A homeschooler’s memoirs (Part 2)

After our glorious, innocent, hands-on childhood, we were thrown into another sphere of homeschooling: the new, larger co-op.

A “co-op” is another one of those homeschool phrases that mimics hippie culture; in homeschooling, a co-op refers to this learning-share community, in which different moms teach different subjects to a class of children (rather than having the kids at home all the time). We’d meet once or twice a week for classes on various subjects, generally in the basement of whichever Baptist church we could coerce to let us use their space for a minimal sum.

This was a different batch of children, and we were often surprised by them. But we adapted. Because when you’re homeschooled, you have an extremely high level of tolerance for weirdness. Because you’re all weird. And you don’t really know how weird you are.

Because I am still marginally acquainted with some of these people, here is a heavily truncated list of things I remember:

  • There was this high-strung sibling pair who were loud and pious and avid fans of WWF wrestling. They made biblical stop-action movies with Legos in their basement. They might still.
  • Being told by a boy that the gates of heaven were closed to me because I didn’t read the KJV, the only inspired Word of God.
  • A girl whose mother claimed she was a mathematical genius, although we saw no evidence of this genius in other areas.
  • A sister who piously covered her brother’s eyes any time someone kissed on TV. This same brother would spy on us while we were having sleepovers and tattle on his mother about my licentious attire (e.g., a tank top).
  • The electricity went out during class one afternoon, and a girl claimed it was the work of the devil, who didn’t want us to be educated. I thought it was a pretty clever ploy to get us out of taking a test.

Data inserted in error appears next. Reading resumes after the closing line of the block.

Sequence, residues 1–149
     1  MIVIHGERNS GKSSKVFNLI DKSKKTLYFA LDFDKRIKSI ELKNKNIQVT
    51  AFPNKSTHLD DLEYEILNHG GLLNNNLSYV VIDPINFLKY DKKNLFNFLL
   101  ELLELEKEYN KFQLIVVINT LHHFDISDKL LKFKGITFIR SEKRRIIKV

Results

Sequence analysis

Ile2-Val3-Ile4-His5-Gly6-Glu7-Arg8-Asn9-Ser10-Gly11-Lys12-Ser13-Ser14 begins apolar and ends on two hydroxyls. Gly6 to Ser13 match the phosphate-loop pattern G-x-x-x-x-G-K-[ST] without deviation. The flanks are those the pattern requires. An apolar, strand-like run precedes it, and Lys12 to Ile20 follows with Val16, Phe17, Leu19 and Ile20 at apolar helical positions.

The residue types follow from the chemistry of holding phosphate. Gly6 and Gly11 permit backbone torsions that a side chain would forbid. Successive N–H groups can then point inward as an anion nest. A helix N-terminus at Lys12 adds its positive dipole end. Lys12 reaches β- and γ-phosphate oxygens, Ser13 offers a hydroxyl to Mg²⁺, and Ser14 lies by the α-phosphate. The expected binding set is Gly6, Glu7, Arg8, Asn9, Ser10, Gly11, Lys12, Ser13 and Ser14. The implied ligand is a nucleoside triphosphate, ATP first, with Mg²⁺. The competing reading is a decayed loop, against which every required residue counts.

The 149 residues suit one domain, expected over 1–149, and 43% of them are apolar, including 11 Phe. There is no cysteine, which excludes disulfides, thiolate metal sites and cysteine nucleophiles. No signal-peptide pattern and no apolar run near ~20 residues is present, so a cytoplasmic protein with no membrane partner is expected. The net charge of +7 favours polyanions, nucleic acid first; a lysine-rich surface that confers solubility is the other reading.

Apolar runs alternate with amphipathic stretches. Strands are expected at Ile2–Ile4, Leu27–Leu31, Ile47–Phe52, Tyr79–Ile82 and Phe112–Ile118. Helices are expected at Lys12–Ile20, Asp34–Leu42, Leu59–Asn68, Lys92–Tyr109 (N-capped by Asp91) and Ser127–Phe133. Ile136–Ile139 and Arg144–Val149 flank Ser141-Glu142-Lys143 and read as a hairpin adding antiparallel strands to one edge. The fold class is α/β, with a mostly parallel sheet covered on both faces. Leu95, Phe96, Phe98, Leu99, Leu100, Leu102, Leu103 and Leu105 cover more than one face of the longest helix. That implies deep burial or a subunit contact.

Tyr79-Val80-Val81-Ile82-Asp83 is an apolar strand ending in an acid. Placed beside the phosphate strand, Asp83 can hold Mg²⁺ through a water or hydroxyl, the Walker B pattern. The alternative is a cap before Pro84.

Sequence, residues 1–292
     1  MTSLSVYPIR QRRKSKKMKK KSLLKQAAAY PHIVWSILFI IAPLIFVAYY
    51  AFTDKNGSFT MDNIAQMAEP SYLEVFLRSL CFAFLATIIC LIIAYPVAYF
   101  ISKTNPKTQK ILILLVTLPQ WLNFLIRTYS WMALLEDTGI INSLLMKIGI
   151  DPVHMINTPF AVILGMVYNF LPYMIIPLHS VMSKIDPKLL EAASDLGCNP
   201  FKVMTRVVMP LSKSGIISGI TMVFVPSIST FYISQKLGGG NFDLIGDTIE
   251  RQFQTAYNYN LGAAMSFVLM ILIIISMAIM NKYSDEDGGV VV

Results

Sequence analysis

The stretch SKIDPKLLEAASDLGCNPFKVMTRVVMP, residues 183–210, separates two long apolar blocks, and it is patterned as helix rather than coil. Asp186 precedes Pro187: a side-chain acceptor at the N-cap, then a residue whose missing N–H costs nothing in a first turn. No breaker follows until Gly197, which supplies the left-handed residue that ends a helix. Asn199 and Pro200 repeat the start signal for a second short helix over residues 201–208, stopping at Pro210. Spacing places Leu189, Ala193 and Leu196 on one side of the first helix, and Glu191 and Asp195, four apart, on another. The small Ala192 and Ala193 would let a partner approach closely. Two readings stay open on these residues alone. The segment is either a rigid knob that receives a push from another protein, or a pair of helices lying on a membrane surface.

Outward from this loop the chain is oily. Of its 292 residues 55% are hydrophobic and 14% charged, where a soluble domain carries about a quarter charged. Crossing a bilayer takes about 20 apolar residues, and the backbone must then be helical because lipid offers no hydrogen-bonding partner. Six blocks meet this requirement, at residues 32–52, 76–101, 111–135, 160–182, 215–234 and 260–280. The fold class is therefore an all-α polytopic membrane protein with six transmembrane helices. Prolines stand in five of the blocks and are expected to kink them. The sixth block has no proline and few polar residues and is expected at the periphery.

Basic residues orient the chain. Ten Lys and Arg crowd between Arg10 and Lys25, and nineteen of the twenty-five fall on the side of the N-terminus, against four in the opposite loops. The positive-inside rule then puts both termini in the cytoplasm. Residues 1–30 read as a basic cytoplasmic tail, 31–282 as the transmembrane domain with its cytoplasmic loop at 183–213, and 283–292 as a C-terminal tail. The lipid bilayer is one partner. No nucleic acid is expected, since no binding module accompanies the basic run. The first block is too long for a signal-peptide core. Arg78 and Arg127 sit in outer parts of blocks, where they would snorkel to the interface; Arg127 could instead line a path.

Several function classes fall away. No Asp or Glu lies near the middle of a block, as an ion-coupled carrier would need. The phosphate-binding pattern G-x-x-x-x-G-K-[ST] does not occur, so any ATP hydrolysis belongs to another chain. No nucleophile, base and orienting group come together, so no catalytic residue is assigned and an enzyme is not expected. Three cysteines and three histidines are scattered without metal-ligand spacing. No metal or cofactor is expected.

• At a restaurant, a saintly girl once took the plate of this boy, who presumed himself to be the melancholy priest of our social circle. He looked at me and said, “You should do that for me more often.” My seething rage knew no bounds. (I mean, really. Is it any surprise that I became such an unapologetic feminist?)
  • A boy who talked a big game about his athletic ability, even though we girls could outclass him on the frisbee field every time.
  • A girl who was not permitted to learn how to drive or attend college, because those things were for men. She was supposed to wait at home for a husband. But… she was homeschooled… and they all went to a home church. I guess they just assumed she would marry one of her brothers?
  • A friend who was put under house arrest for 40 days on a diet of rice and water by her father, who heard about her hugging her boyfriend in a parking lot. I was enraged and wrote a blog post decrying her unjust treatment (yes, I was an angry little blogger, even back then), which her father and some other fathers read. They denounced me as a harlot and a sinner in the comments section. My parents heard about this pettiness and instead of disciplining me, they called these fathers idiots and cowards. I wrote my friend a letter every day for those 40 days, encouraging her to be strong. I don’t know if her father ever let her read them.
  • A group of cute and obedient sisters who wore ankle-length dresses to run the mile and practice calisthenics. They were a scene straight out of a Laura Ingalls Wilder story. We felt bad for them, but they never complained. Our mothers held them up to us as examples of chastity and purity. But we still got to wear shorts.